That is why this meeting each year is important.  You build relationships beyond the ordinary and make them extraordinary parts of your life.  It is something to look forward to, regardless of the effort.

The U.S.-Canada relation isn’t just an ordinary one either.  It is built on decades of relationship building to a point it is now almost taken for granted and seamless.  How seamless do you ask?  How about 9/11?  On that day when my nation was attacked, many people don’t know that it was a Canadian general officer in Colorado Springs, Colorado on duty at NORAD that led the defense of both nations.

How many of you know the unknown fate of thousands of airline passengers who landed in small airports across Canada?  Because of our relationships, Canadian families heard what was happening and got in their cars and drove to the airports to take these refugees into their homes, no questions asked.

That is why it is a privilege to serve in this position in Winnipeg today.  It is my opportunity to pay back in just a very small way my personal debt of gratitude to the people of Canada for being there when we needed support on the battlefield.

Service and relationships – that is the theme of your annual meeting and tonight’s wonderful dinner.  Service and relationships are at the core of a Rotary club.

How do we spread the power of service and relationship?  You do it by leading by example.  People build relationships and serve others; this, in no small part, is because of the example organizations like Rotary carries to the public: an example of service and relationships.  Being drawn to something bigger than yourself in the service of other.  Service before self.  Have no doubt you help to create a magic spark in people’s lives because you choose to build relationships and act on those relationships with a spirit of service.  It is the most noble of human traits and again I applaud your example.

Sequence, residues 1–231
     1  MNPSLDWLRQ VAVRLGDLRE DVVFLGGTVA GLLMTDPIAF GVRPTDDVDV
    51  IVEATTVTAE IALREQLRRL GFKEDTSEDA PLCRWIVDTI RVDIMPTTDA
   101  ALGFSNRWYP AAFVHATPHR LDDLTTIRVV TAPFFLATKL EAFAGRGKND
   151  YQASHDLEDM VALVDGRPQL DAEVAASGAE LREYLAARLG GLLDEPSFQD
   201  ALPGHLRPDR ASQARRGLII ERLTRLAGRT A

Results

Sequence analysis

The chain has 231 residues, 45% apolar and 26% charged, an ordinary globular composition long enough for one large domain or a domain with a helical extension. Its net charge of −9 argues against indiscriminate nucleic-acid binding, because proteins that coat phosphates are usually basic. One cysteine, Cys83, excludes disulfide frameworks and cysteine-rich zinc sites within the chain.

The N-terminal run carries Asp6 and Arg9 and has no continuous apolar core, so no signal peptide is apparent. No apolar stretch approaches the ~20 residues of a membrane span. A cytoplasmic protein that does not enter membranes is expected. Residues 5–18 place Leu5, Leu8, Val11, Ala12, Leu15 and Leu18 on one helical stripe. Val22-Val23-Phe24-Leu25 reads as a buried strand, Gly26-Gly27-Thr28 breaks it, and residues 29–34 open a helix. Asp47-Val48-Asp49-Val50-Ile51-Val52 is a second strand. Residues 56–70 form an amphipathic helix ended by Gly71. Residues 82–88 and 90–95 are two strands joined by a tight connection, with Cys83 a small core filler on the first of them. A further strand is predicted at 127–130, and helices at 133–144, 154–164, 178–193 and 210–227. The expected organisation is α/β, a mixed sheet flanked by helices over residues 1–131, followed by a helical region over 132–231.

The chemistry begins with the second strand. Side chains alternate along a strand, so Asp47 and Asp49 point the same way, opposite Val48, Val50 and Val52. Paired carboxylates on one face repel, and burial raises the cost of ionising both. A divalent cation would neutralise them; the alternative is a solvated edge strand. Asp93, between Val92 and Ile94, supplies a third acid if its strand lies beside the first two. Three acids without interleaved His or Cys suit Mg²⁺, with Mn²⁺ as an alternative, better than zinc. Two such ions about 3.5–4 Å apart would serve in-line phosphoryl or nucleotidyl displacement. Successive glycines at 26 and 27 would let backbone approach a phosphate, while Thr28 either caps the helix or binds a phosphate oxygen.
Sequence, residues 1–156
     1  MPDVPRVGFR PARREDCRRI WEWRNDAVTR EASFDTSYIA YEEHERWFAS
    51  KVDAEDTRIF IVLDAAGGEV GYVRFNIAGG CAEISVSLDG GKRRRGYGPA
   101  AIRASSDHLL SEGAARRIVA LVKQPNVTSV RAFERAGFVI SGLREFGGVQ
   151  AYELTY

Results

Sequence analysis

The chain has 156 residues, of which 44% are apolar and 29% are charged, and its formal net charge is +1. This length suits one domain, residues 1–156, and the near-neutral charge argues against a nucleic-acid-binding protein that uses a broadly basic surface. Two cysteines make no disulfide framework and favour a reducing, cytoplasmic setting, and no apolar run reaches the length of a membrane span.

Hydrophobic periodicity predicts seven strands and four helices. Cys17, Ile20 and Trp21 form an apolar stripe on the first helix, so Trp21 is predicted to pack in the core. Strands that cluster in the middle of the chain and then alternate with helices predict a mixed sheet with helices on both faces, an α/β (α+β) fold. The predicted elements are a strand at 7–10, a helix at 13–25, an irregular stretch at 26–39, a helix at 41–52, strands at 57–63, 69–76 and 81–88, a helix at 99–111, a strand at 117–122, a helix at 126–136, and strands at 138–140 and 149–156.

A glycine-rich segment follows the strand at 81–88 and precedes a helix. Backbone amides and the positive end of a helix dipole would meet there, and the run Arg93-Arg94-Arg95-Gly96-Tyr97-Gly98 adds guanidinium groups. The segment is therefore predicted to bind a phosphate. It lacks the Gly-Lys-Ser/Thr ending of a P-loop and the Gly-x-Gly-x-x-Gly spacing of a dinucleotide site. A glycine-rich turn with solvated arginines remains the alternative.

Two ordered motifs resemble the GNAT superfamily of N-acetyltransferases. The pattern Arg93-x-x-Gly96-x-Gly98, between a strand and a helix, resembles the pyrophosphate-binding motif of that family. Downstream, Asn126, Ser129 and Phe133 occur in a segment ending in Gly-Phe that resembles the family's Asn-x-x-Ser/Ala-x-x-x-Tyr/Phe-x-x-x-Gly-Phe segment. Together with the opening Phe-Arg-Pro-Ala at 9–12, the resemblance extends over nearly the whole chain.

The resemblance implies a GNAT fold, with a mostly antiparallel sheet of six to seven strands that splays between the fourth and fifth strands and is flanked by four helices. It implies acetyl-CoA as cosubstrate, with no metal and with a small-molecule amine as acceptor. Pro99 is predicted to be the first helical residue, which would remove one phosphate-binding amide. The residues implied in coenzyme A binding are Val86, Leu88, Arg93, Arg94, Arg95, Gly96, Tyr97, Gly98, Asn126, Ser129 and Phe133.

I see my time is coming to a close so I want to leave you with a challenge this evening.  Preparing for this evening challenged me to rethink the relationships in my life and how I serve them.  Challenge yourself to do the same.  The strength of your organization, your annual meeting, your service and your relationships will benefit from the collective exercise and make each area stronger.

Brigadier General Jack Briggs is the Deputy Commander, Canadian North American Aerospace Defense Region, and Deputy Commander for Operations, 1st Air Division, Winnipeg, Manitoba, Canada. Click HERE for full bio.

About John Borst

John Borst’s career in education spans the years 1960 to 1996. During those 36 years, he spent an equal amount of time working int he English language, Public and Catholic school boards. Borst taught in both elementary and high school environments. Positions of responsibilities held included department head in Geography, curriculum coordinator of Social and Environmental Studies, Principal, Education Officer with the Ministry of Education, Superintendent of Schools, and Superintendent of Student Services. Borst retired in 1996 as Director of Education for the legacy Dryden Board of Education. During this time, Borst has lived in the Ontario communities of Brampton, Toronto, Newmarket, Thunder Bay, Aurora and Dryden. Currently, Borst splits his time between Dryden and Toronto. Since retirement, Borst has served as a Supervisory Officer with a remote School Authority; been a freelance writer of articles on education in particular for Education Today, the magazine of the Ontario Public School Boards’ Association (OPSBA); founded and edited from 2006 - 2010 the Education blog Tomorrow’s Trust: A Review of Catholic Education; and from 2003-2010 was a trustee of the Northwest Catholic District School Board.